Translation:Your school is up ahead.
In my opinion, here are the most natural sounding English translations for this Mandarin Sentence.
Your school is in front.
Your school is just ahead.
Your school is straight ahead.
Your school is up ahead.
I was marked wrong for "your school is in front," and since it seems I was correct, I reported it.
Your school is in front. Nobody would actually say "at the front". Unless maybe this was during a war, and your school was literally at the front line or something. Who comes up with these translations?
I think "Your school is IN the front" would be said in English just as often as "Your school is AT the front." Seems like a fairly strict reading of 在 to be marked incorrect?
If anyone wants a translation in natural English: "Your school is straight ahead" is also accepted!
I feel "Your school is in front." is grammatical in English and has the same meaning, it should probably be acceptable here.
It recommended I use "in the front" but I think that's wrong. To be "in the front", you need to be inside of something - "the" pertaining to an actual noun, not just "in front" in general. A building isn't likely to be inside of something.
This translation is very silly. It is obviously translated by someone who is not an educated English speaker and writer. "At the front " of what or whom? My translation is the correct one, namely, "Your school is in front of us."
I'm from Australia and that's what I just put too. Though I have to say, with or with the "the" it still sounds like an incomplete sentence to me.
This translation doe not make sense in English. 'Your school is at the front' needs to continue to explain in front of what? The last 3 dot points of LazyEinstein are the better translations.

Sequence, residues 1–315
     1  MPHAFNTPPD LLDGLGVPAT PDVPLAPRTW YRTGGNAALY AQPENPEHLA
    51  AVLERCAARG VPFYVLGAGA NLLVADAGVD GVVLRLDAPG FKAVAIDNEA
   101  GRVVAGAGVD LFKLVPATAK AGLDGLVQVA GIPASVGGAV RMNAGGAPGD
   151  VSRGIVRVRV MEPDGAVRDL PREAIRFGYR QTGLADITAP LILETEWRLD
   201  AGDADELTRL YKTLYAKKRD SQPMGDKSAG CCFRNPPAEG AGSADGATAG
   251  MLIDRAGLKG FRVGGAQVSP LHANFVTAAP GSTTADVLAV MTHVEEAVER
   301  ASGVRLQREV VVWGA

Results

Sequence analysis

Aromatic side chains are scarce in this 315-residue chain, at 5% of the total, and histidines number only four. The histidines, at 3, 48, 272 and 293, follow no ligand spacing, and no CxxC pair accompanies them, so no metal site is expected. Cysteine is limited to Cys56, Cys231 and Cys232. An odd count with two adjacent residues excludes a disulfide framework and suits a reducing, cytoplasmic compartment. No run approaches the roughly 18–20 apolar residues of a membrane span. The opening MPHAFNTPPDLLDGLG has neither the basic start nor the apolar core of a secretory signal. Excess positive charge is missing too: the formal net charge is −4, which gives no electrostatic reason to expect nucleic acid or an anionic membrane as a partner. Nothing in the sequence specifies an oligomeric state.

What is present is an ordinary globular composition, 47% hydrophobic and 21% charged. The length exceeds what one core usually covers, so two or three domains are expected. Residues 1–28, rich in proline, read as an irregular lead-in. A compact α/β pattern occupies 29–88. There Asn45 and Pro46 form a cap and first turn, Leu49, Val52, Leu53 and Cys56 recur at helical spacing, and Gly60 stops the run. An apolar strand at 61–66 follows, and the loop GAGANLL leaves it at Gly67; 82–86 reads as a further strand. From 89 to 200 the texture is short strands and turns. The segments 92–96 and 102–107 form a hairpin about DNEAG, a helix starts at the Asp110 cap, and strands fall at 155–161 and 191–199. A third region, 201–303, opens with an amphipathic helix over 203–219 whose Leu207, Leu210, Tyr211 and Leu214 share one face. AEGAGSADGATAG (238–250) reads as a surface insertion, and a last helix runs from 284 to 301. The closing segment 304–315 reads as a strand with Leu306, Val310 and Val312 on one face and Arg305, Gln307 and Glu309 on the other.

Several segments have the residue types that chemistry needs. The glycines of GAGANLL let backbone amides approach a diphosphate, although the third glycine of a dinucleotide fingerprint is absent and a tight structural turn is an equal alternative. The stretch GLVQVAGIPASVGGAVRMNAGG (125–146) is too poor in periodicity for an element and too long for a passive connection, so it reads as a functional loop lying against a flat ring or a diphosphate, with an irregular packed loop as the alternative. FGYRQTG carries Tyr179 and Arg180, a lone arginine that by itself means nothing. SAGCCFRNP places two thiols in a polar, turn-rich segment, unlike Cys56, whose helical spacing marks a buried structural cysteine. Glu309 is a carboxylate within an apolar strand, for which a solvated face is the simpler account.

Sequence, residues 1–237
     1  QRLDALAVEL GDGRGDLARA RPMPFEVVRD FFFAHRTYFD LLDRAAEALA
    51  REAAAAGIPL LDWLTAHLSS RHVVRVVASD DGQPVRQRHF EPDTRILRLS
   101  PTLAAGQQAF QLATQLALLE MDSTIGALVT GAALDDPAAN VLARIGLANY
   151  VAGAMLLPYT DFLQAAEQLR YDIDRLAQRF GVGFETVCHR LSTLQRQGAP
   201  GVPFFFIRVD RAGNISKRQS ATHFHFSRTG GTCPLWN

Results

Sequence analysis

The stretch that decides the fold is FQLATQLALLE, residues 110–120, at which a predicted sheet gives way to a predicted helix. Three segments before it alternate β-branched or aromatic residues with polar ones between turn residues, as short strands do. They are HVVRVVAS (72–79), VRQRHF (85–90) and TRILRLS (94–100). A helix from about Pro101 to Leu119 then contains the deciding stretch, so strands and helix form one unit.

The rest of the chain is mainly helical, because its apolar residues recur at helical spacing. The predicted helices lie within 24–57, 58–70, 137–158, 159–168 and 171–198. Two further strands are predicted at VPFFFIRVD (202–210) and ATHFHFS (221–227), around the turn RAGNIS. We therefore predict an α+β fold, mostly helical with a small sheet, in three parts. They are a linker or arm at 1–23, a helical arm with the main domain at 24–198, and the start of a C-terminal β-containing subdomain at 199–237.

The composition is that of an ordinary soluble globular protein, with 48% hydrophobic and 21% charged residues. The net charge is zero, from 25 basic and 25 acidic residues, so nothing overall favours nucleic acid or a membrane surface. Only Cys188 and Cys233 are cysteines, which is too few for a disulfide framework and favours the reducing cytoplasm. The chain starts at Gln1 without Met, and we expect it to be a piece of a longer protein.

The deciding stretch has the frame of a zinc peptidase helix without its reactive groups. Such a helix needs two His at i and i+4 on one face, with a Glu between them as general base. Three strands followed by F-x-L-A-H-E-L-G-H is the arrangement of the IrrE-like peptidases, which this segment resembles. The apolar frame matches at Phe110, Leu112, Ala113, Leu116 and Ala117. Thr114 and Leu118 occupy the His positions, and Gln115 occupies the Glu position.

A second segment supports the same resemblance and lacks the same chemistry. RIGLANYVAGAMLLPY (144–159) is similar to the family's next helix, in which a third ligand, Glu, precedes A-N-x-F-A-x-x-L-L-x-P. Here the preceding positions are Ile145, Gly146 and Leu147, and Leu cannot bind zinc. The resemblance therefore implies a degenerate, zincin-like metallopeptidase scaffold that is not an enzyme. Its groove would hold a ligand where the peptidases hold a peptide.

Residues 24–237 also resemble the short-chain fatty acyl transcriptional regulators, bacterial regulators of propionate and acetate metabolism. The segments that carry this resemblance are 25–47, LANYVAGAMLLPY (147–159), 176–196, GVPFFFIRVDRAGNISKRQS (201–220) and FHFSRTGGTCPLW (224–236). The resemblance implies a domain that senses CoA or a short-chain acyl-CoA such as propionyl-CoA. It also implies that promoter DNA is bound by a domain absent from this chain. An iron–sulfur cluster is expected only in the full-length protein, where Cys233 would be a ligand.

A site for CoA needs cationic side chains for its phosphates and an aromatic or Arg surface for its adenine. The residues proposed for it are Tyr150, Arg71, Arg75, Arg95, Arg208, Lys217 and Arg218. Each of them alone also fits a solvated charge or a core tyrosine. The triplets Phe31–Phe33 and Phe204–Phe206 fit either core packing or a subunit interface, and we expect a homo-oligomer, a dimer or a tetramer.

Agree, "at the front" is at the front of what? This is not good enlish,. Please get your translations checked by native speaker of the lead language. It's hard enough to learn a language without having to try and understand some weird gibberish someone came up with. I'm here to learn chinese not teach English to Chinese speakers.
the only reason for this sentence that i can imagine, is a line of schools, one after the other (from the now accepted "your school is at the front")
How are both "your school is at the front" and your school is straight ahead" accepted? To me, these have different meanings. One is from the perspective of the school and the other from your own perspective.
Sometimes a sentence in one language is ambiguous and does in fact translate into two sentences in a second language that have different meanings. My Chinese isn't good enough to shed any light on this so I'd like to hear form a native speaker or preferably a true bilingual.
"At the front" would imply "at the front of something". If the meaning of the sentence is to say the school is in front of me/you then "at the front" doesn't make sense and is not a good translation. On a side note.... Christian Wijaya- you need the particle "the".
Your school is just ahead. seems to be the best answer It is 11:06 in the morning:what does that mean????????????????????????????????????????????????????,how many crazy horses are there?